December 10, 2009
Motorists who receive minor parking or traffic tickets in Indianapolis, Indiana are being threatened with fines of up to $2500 if they attempt to take the ticket to court. A local attorney with the firm Roberts and Bishop was so outraged by what he saw in Marion County traffic court that he filed a class action suit yesterday seeking to have the practice banned as unconstitutional.
“The deck is stacked against the motorist,” lawyer Paul K. Ogden wrote. “To penalize that person for seeking justice seems wrong. I know it is done for the purpose of discouraging baseless challenges to tickets and clogging the docket, but in the process you are also penalizing people who have a legitimate defense and want a chance to present it to the court.”
The city made explicit the threat of additional fines for challenging parking tickets in a November 30 press release announcing a deal between Indianapolis and a private firm, T2 Systems, to hand over operations of a parking ticket court to increase municipal income.
[efoods]“Using Six Sigma process improvement strategies, it is estimated that under this program the city may collect an additional $352,000 to $520,000 in parking citation revenue over the next 12 months,” the city press release stated. “If citations are not paid prior to their scheduled hearing, the city may request a fine of up to $2500 per citation. Upon receiving a judgment for an unpaid citation, individuals responsible could be subject to collections actions or having their vehicle registration suspended.”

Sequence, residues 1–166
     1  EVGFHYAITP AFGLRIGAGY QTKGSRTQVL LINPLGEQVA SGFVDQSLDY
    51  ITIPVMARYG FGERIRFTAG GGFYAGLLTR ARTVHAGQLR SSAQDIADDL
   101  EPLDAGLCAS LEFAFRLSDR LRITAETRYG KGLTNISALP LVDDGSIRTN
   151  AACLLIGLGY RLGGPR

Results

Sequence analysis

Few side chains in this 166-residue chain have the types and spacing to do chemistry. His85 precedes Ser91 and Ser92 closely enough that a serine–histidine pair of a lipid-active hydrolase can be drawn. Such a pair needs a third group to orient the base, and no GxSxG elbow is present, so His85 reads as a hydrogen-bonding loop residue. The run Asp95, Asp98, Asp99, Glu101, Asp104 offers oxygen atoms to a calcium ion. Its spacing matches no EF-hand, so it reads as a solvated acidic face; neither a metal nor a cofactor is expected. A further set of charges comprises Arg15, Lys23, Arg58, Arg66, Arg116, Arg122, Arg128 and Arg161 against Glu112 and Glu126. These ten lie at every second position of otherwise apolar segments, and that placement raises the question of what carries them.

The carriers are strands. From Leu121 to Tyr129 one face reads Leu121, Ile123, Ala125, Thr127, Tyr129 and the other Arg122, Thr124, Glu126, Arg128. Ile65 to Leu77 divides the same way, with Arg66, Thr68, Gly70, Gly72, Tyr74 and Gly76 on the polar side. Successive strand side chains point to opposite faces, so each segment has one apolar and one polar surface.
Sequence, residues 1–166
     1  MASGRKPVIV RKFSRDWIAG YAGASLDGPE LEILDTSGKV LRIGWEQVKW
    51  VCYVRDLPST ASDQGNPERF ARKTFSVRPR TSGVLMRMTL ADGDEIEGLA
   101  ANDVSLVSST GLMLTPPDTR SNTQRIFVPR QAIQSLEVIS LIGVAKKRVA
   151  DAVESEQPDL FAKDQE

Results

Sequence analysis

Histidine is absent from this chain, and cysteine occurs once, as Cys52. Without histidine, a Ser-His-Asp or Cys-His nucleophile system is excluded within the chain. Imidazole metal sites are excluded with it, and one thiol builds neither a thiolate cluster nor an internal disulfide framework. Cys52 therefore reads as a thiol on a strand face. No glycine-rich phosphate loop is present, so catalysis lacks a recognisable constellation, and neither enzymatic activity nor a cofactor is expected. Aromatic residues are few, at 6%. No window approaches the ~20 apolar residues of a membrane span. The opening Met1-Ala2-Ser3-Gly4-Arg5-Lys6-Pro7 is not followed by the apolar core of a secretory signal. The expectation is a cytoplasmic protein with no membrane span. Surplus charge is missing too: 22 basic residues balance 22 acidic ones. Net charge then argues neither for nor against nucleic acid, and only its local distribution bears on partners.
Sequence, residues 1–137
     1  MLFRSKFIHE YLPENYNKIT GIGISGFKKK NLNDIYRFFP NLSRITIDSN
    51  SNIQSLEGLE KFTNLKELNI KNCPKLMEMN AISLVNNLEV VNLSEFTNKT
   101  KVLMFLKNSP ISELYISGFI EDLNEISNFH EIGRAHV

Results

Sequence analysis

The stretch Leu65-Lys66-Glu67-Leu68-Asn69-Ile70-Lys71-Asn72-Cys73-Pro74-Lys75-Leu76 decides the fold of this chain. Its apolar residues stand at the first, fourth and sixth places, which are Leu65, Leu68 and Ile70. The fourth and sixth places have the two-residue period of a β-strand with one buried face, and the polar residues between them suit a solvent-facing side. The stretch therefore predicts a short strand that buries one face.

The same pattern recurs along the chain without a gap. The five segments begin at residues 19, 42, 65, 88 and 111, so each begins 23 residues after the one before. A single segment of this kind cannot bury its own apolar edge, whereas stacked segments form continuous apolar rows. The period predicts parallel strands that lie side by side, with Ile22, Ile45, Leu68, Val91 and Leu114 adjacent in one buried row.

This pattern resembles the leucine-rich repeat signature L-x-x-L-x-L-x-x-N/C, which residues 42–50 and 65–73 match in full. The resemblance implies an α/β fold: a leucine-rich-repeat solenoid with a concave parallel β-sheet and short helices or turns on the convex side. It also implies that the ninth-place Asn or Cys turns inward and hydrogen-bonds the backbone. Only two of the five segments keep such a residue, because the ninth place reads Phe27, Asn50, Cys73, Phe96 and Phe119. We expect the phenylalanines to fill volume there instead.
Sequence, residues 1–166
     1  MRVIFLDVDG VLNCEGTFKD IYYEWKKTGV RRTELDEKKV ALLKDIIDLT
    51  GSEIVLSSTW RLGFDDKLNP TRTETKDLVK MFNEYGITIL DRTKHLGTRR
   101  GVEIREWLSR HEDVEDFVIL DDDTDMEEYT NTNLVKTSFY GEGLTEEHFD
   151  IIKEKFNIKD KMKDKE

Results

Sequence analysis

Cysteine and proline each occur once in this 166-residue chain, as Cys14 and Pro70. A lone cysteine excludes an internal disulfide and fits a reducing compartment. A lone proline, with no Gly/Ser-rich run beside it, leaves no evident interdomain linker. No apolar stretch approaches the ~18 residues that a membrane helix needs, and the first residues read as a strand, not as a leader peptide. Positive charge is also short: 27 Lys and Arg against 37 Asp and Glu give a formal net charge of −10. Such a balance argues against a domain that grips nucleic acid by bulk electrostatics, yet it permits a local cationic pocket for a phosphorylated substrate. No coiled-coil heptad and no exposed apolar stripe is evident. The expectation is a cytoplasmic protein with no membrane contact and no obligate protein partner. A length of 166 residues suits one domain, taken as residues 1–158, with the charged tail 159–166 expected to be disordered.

In traffic court, Judge William Young has been making good on the threats by routinely siding with police officers in disputes and imposing fines of up to $500 on anyone who challenges a moving violation ticket, no matter how minor, and loses. Those who pay without going to court do not face this extra fine.
“Unfortunately what you have happen a lot of times is that judges aren’t particularly worried about whether what they’re doing may be violating the law as the odds of someone ever appealing a $400 traffic ticket is remote,” Ogden wrote. “I see it all the time. Trial judges flouting the law knowing they are unlikely to ever be challenged on an appeal because the litigants can’t afford it.”
Ogden is specifically representing three motorists affected by court policies. Toshinao Ishii received a ticket for driving 63 MPH in a 55 zone in February. Had he paid the ticket without challenge, the fine would have been $150. After Judge Young sided with the police officer in court, Ishii was fined $550. Motorist Matthew Stone was told by his doctors not to wear a seatbelt over his chest as it could damage his cardiac pacemaker. He received a $25 ticket for not wearing a seatbelt. After court officials threatened Stone with a $500 fine, he gave up his intention of challenging the citation. Adam Lenkowsky, who did not receive a ticket, attempted to attend a traffic court proceeding on September 23, 2009. He was barred from the court, despite the state constitutional requirement that court proceedings be open.
Ogden argues the court’s practices in the first two cases violate the excessive fines clause of the state constitution as well as the clause requiring that “all penalties shall be proportioned to the nature of the offense.”